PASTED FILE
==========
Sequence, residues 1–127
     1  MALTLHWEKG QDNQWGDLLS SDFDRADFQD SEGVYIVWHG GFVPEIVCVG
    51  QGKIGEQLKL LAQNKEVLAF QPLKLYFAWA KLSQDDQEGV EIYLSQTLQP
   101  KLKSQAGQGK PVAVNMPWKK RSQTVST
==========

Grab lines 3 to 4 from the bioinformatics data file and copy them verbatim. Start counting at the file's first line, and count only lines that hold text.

    51  QGKIGEQLKL LAQNKEVLAF QPLKLYFAWA KLSQDDQEGV EIYLSQTLQP
   101  KLKSQAGQGK PVAVNMPWKK RSQTVST